It is no exaggeration to say this book is essential reading for anyone who experiences a love/hate relationship with social media; for anyone who has repeatedly hit refresh to monitor their likes, fuelled by nothing but anxiety; for anyone who has found themselves miserable after taking a deep-dive into the account of someone with 250k followers, a book deal, a thigh gap, three cherubic children and an east London townhouse full of beautiful paintings. Oh, and a permanent smile.

So, what to do? Ormerod’s biggest take-home tip is not simply to unfollow people who make us feel bad. Instead, we should be seeking out people who educate us.

‘Find content that is going to inspire you and you’re going to have a far, far better experience,’ she says.

So let the cull commence. Out with anyone who quite simply makes me feel bad — bye-bye, humblebraggers, adios, facetune addicts and, yes, sayonara, east London Ellie and your thigh gap. I’m not eating what you serve any more. Instead, I’m filling up on accounts about flowers, drawings and books. Bon appetit!

■ Why Social Media is Ruining Your Life by Katherine Ormerod (Octopus Books) is out now


Social media junkies are faking it if they’re…

…Posting ‘Monday sucks’ memes when they otherwise post nothing but pictures of themselves on holiday or at parties in smart hotels with cool people. Death.

…offering displays of Instagrief: ‘How I felt about’ Leonard Cohen cannot be put into words so here’s a brooding black and white photo of him’

…Posting pictures of themselves looking dewy and devastating but captioning them with the kind of low-grade aphorisms you might find on a fridge magnet.

…Only posting pictures of digitally influential friends who have loads of followers so as to harvest some of that kudos for themselves.

…Posting images of obscure artwork and the spines of highfalutin literature in a pile, so everyone knows you are extremely intelligent indeed.

Instagrammers keeping it real


Between the ‘where the hell did you get that?’ memes, this London-based mother posts candidly about mental health and her struggle to find a job post-baby.


The actress’s ethos is encapsulated in a post of herself dressed up to the nines with the words ‘Happy Birthday no one. If you want to post a pic you like of yourself just post it. We all know what you’re doing.’ Gold.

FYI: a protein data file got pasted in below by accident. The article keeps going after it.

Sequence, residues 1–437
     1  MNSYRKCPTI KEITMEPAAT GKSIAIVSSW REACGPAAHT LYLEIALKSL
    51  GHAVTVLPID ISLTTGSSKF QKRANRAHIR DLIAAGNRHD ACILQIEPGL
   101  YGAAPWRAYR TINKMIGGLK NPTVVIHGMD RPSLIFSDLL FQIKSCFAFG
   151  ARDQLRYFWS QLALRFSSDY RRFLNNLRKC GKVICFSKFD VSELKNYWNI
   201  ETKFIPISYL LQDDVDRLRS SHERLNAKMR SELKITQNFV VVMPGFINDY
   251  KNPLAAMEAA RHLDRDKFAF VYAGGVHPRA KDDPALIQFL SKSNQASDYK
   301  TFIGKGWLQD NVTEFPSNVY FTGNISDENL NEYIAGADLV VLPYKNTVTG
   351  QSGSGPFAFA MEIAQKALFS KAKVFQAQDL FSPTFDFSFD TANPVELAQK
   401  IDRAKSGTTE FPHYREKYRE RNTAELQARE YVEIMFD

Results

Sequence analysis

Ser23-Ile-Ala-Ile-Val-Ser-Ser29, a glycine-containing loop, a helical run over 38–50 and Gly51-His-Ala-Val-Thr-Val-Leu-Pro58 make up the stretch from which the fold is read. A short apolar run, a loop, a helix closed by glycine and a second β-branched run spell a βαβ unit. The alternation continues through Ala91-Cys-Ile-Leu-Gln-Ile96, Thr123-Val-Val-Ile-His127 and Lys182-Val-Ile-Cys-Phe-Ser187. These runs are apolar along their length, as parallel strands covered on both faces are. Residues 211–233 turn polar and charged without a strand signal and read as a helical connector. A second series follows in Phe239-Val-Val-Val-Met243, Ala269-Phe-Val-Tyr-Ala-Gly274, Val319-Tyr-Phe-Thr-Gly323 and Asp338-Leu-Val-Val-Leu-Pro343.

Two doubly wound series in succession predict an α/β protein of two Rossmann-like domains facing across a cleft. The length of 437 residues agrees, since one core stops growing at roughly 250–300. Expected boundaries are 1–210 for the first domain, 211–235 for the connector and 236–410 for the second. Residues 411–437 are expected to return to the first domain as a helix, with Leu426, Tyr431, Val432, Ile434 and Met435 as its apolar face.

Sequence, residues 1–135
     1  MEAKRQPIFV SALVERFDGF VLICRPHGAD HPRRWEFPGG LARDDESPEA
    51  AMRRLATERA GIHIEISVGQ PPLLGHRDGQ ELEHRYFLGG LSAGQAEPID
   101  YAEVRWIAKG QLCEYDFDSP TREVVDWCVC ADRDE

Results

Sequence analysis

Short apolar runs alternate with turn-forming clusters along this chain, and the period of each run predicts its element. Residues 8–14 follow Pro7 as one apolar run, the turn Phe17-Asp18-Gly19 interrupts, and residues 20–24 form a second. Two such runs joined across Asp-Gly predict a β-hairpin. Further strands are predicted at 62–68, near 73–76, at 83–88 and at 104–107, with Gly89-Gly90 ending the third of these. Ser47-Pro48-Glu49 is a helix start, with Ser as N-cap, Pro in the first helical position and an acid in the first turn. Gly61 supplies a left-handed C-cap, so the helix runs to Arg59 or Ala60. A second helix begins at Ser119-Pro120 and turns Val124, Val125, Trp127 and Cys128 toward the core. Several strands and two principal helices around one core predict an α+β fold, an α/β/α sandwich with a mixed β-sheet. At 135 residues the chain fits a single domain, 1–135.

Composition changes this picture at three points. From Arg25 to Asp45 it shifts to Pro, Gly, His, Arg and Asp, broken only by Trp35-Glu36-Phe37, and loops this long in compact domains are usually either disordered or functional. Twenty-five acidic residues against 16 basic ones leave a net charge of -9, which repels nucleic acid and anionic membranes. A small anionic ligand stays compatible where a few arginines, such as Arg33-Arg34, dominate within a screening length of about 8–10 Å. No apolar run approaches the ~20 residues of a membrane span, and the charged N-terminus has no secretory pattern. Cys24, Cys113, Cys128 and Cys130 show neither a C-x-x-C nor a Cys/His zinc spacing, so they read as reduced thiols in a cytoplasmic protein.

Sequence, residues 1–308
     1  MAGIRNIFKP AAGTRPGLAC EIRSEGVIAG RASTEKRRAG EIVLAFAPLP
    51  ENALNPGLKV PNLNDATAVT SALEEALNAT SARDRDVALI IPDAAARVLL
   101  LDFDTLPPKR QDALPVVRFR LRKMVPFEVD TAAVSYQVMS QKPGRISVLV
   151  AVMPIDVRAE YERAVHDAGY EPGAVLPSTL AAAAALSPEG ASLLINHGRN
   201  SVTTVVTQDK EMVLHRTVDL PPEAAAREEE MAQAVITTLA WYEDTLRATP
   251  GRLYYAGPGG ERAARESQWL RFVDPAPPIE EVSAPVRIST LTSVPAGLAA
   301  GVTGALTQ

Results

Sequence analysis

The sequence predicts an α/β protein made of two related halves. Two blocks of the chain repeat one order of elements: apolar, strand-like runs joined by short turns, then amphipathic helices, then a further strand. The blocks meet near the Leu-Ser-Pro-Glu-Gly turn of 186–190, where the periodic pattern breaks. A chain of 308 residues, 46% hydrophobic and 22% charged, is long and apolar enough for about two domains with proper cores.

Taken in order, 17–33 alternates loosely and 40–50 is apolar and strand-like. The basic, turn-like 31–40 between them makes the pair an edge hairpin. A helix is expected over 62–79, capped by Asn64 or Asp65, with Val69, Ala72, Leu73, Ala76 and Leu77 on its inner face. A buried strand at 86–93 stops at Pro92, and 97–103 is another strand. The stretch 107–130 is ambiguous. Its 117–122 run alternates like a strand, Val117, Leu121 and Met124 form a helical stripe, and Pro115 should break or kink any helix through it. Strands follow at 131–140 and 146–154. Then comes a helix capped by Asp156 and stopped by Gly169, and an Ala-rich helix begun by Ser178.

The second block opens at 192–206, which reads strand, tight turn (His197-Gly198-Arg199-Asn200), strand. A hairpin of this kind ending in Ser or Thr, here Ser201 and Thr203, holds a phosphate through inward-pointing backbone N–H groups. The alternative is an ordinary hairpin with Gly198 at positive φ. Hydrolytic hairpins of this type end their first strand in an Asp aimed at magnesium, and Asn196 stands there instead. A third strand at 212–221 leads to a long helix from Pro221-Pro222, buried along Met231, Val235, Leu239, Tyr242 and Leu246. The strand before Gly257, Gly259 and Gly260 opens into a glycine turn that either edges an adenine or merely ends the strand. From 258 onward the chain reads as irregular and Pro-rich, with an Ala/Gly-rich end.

The Queer Eye guru posts thoughtful captions like: ‘If I weren’t me and saw this three years ago it would make me feel lonely and to that person I say this, work on falling in love with you, everything else is icing on top.’


A lot of her life looks like a fairy tale but the author and model wife of John Legend doesn’t hold back when it comes to ‘mom bod’ pictures that highlight her stretchmarks and cellulite.

Alarm call

Before you start swapping the superficial social media accounts that make you feel rubbish for ones that inspire you in all the right ways, Katherine Ormerod has another piece of advice to follow first and it’s rather more down-to-earth: buy an alarm clock.

‘Seventy nine per cent of millennials have their phones next to their bed or in their bed, even under their pillows,’ she says. ‘Everyone says they need it to wake up but actually they need it because they are going to wake up at some point in the night to reach for it and have a look at social media…’

This is bad news because, according to research from the University of Glasgow published earlier this year, late-night activity on your phone — all that feverish posting and liking — messes with your body clock (or circadian rhythms) and increases your risk of mood disorders.

‘Looking at social media late at night and early in the morning is [also] a very solitary experience,’ adds Ormerod. ‘People tell me the last images they see cause anxiety attacks before they go to bed or related dreams. No one should have their phone in their room [at night].’